Article

Carolyn Gianturco

(b Chieti, May 30, 1892; d Grottaferrata, nr Rome, May 10, 1973). Italian musicologist, editor and administrator. He began to play the violin when he was six and the piano when he was 12, and after schooling in Chieti he studied engineering at the University of Turin (1909–14). At 20 he was made editor-in-chief of the weekly Riforma musicale, published in 1913–15 and briefly in 1918; concurrently he organized concerts of contemporary chamber music in Turin. He founded and edited Il pianoforte (1920–27), which in 1928 became the Rassegna musicale (later with Ronga and Mila as co-editors); after an interruption during the war (1944–6) it moved to Rome (1947), where it subsequently became Quaderni della Rassegna musicale (1962). He also founded Studi musicali (1972–3). The first Congresso Italiano di Musica (Turin, 1921) was held partly under the auspices of Gatti's journal ...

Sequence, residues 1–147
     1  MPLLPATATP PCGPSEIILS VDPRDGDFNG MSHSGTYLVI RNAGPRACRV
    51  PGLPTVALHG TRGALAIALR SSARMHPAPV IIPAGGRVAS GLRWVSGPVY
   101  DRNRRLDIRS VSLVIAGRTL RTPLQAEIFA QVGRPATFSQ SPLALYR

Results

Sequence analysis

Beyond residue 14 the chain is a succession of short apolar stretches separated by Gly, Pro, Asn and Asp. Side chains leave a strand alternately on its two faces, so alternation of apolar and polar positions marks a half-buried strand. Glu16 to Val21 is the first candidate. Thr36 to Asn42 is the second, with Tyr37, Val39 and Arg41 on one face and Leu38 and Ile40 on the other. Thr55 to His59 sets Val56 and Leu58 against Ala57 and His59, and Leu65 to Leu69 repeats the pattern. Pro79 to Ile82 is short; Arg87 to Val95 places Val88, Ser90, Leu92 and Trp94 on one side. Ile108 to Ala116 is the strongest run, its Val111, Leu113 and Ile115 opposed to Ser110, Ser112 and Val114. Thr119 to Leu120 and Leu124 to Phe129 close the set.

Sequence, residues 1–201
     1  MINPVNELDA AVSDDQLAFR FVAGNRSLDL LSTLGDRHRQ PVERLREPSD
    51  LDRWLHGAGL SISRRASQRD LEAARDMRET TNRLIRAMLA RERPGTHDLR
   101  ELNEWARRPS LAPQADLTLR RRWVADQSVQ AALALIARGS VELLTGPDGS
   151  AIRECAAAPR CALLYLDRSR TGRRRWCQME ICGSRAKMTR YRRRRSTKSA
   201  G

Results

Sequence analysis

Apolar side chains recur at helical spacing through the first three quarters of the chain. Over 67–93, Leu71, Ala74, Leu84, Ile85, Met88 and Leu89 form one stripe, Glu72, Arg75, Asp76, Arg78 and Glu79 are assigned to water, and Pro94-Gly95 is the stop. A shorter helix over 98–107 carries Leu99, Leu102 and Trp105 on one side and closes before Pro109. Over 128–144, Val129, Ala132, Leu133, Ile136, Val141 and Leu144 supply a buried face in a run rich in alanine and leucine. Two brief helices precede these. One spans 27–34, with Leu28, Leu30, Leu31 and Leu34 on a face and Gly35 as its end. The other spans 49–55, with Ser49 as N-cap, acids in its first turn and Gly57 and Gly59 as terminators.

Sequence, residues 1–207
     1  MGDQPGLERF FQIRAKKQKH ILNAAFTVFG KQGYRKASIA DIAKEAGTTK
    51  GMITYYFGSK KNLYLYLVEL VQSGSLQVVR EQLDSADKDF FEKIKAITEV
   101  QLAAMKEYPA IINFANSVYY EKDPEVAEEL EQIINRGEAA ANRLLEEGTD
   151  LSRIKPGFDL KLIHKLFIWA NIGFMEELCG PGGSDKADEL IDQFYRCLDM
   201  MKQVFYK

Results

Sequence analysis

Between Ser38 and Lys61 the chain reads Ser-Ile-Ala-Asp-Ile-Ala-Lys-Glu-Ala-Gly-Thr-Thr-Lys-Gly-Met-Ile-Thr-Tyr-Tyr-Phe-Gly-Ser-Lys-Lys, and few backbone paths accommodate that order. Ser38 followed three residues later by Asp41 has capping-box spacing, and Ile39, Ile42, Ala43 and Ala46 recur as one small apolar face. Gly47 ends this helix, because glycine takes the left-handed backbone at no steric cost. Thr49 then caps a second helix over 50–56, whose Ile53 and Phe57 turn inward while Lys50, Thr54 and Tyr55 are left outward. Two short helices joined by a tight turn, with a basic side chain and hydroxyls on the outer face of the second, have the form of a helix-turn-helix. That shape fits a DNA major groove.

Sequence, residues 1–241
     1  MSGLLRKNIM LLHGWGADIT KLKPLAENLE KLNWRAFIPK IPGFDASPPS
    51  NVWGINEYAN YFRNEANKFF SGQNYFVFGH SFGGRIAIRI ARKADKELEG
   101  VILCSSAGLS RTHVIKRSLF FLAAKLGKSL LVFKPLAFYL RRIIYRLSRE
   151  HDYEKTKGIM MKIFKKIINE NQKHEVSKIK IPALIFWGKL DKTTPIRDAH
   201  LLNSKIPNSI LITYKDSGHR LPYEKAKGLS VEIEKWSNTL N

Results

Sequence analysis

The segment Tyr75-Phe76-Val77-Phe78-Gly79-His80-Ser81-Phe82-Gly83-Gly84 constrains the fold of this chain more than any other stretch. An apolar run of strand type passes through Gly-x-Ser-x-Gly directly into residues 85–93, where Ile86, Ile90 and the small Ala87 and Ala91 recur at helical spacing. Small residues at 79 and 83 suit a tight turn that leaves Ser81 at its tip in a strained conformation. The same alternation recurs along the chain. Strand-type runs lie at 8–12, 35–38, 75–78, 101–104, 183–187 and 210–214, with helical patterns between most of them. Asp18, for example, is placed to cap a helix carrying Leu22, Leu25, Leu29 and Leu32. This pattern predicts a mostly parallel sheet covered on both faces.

Article

Niall O’Loughlin

(Adam )

(b ?Ritzfeld bei Weinsberg, Germany, c1772/3; d London, England, March 27, 1850). Maker of wind instruments, music seller, and publisher. He was in London by 1795 and was naturalized by Act of Parliament in 1804; that same year he was granted the freedom of the Musicians’ Company. He worked at 76 Bishopsgate from about 1804 to 1822. Through a partnership with the successors to George Astor the firm became known as Gerock, Astor & Co. (1822–6), operating at 79 Cornhill. Robert Wolf, described as an employee in 1828, married Gerock’s daughter Sabrina Susannah in 1831. The firm was known as Gerock & Wolf during 1831–2, but reverted to the name C. Gerock & Co. from 1832 to 1837, when Gerock retired. The firm of Robert Wolf & Co. operated at 79 Cornhill after 1837, principally selling pianos.

In a trial for theft of flutes by his employee Samuel Porter in ...